City of Stormreach explores the most important frontier city of Xen’drik, where opportunity and peril walk hand-in-hand. The book builds on plots and characters featured in the Dungeons & Dragons Online MMORPG produced by Atari and Turbine, and it introduces new adversaries and new locations to explore.
This book describes the shadowy ruins, sinister organizations, and treasure-laden dungeons that make Stormreach such an appealing destination for player characters. In addition to providing Dungeon Masters with a richly detailed city for their Xen’drik based campaigns, this supplement presents information on the movers and shakers of Stormreach, ready-to-use adversaries, adventure hooks, and location maps.
City of Stormreach (2008), by Keith Baker, Nicolas Logue, James "Grim" Desborough, and C.A. Suleiman, is an Eberron supplement written for 3.5e D&D rules, but which remains 4e D&D compatible through web updates. This 160-page campaign supplement and sourcebook introduces you to the deadly and opportunity-laden frontier city on the coast of Xen'drik. Rife with shadowy organizations, hidden dungeons and political machinations aplenty, Stormreach is loaded down with imaginative plot hooks and ready-made bad guys, making it one of the strongest books in the entire 3.5e Eberron series. If you missed it the first time around because it came out near the end of 3.5e D&D, it's definitely worth picking up now; Stormreach's wild west/frontier-town feel carries through strongly, making for a nice contrast with ancient Eberron cities such as Sharn.
Hey, I've Been Here! If you're a fan of the video game DDO (D&D Online), Stormreach might look familiar; the MMO sets its game in this smuggler's and pirate's port. Stormreach is a free city, and so is full of exiles, adventurers, rebels, criminals, and explorers. It's much smaller than the legendary city of Sharn, so this is a place where the movers and shakers come to know each other fairly quickly - and where upstart adventurers can establish themselves as important personages with surprisingly little effort. If your heroes want to carve out a name for themselves, this is a fantastic place for them to set their adventuring headquarters.
From Soup to Nuts. Not just food, although daily life is covered extensively, including festivals and holidays. With a district-by-district overview, City of Stormreach gives an adventurer's education on all facets of the city, including local laws (such as they are). Later chapters, such as “Chapter Two: Power and Politics,” presents the people and organizations that wield true or presumed power within the city. This includes the ruling Storm Lords, foreign powers, the gangs and criminal organizations, the militias, the religions, and the dragonmarked houses.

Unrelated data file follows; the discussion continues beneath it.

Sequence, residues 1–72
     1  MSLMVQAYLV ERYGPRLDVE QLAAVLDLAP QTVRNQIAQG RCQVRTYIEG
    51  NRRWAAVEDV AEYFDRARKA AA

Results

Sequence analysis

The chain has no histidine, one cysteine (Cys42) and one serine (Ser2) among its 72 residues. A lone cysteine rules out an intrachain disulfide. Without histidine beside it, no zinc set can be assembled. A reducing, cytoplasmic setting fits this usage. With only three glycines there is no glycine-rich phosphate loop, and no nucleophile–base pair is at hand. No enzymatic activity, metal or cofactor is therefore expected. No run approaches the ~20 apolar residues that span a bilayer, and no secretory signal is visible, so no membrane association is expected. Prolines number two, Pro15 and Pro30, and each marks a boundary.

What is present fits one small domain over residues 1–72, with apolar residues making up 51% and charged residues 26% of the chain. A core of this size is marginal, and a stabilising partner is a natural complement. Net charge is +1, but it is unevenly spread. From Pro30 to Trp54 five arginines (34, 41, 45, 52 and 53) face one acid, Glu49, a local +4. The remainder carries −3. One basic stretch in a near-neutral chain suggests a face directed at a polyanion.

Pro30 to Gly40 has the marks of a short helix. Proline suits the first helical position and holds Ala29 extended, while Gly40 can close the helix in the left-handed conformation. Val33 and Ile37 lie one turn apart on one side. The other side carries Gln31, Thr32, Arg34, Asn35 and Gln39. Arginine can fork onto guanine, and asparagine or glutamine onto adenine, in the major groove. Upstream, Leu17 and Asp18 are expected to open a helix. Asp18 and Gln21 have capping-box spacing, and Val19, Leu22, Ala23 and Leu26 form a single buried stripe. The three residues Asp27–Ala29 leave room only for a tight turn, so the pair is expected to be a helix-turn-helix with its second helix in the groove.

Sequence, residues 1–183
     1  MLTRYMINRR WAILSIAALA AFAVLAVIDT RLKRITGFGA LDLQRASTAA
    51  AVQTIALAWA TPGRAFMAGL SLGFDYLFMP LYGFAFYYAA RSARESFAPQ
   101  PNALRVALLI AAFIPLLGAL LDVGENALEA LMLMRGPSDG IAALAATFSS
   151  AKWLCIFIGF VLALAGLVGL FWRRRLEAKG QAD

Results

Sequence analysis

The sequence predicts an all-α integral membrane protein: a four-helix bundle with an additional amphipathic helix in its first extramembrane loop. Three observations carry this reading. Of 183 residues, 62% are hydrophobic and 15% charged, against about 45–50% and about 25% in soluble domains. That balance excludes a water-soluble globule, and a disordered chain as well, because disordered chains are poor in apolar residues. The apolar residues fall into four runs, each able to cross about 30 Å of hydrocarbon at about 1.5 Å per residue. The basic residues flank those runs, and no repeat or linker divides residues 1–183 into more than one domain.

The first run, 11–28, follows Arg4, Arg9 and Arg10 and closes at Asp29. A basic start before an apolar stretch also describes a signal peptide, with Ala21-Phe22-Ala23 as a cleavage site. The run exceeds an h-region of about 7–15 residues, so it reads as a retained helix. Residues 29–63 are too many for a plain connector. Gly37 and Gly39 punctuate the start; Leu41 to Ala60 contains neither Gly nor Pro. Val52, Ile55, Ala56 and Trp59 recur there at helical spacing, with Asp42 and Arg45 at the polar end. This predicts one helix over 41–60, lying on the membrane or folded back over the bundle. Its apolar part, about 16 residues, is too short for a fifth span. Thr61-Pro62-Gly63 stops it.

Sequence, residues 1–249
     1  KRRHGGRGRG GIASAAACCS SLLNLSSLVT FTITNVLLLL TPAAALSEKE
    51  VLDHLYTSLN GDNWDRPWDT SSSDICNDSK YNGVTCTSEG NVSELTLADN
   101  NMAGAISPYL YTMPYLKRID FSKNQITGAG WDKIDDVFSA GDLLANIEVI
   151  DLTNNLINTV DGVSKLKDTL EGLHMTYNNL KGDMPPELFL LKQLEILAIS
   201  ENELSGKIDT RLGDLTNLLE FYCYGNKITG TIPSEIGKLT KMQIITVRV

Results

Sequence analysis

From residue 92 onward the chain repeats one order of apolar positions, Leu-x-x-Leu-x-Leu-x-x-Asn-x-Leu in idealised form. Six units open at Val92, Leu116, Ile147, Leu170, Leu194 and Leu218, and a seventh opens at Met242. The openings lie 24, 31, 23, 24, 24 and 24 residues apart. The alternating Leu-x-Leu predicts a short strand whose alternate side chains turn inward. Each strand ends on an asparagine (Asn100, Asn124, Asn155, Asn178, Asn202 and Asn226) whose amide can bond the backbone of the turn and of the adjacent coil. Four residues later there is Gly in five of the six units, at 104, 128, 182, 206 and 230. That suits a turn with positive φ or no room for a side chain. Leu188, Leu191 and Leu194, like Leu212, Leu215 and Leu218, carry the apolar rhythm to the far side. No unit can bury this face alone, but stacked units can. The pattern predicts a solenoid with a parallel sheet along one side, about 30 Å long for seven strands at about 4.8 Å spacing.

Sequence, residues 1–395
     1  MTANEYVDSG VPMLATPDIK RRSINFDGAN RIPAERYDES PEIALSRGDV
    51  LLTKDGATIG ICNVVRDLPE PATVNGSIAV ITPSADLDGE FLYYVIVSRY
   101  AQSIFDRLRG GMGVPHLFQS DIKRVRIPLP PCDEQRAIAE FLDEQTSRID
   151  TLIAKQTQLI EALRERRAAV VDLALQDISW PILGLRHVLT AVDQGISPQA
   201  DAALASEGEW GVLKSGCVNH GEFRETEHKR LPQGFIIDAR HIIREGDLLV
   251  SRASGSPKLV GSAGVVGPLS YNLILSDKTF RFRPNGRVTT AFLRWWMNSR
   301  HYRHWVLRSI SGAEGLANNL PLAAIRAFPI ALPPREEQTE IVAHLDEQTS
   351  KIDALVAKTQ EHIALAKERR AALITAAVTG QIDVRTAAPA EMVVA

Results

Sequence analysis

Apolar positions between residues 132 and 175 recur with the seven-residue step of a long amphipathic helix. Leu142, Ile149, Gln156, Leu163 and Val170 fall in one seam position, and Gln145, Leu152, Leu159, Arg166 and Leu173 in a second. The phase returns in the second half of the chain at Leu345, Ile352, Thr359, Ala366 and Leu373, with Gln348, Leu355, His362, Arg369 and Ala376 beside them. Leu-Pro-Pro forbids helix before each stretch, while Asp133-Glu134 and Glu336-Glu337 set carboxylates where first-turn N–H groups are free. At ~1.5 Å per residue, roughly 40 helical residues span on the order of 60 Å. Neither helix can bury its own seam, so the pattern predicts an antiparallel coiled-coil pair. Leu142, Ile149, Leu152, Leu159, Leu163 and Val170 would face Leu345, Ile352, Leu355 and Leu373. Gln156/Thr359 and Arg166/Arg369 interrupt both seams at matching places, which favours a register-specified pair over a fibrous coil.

Groups that the heroes may want to join, fight, or interact with are covered in Chapter Three. The Bilge Rats run the harbor district and have for decades, crushing any other gang that tries to move in on their territory. The Blackwheel Company is a mercenary firm run out of a floating airship. The Bloodbound of the Red Ring work for the local gladiator pits; the Cabal of Shadows provides a haven for occultists; the Covenant of Light provides a haven for divine aspirants; and the Crimson Codex accumulates information and manipulates prophecy. There are nine organizations detailed in all.
Chapter Four details other races and cultures in Xen'drik, such as the drow, the giants, and the yuan-ti. Unique and fascinating monsters are included as well, such as a tar-skinned troll; a T-Rex with a tentacle-ringed, fanged maw in her chest; a mutated behir named Glimmerdoom; and an argumentative pyrohydra who bickers with herself constantly.
Adventure within Stormreach itself is described in Chapter Five, and this final chapter is worth the entire cost of the book all by itself: It is loaded down with plot hooks, scenario seeds, gladiator rules, and one fantastic idea after another.
About the Creators. Origins-award-winning designer Keith Baker leaped into the public eye when his setting Eberron won the Wizards of the Coast Fantasy Setting Search. His brilliant card game Gloom is also something that you should seek out and play, if you haven't already.
Nicolas Logue is a freelance game designer well known for his work with Paizo and Dungeon.
James "Grim" Desborough describes himself as a “game designer, writer, self publisher, freelancer, rakish fop, gentleman bastard, and ten times more charming than that Arnold on Green Acres.” We can't dispute him. He runs Postmortem Studios.
C.A. Suleiman has created dozens of RPG books, including co-authoring White Wolf's Vampire: the Requiem.
About the Product Historian
History and commentary of this product was written by Kevin Kulp, game designer and admin of the independent D&D fansite ENWorld. Please feel free to mail corrections, comments, and additions to firstname.lastname@example.org.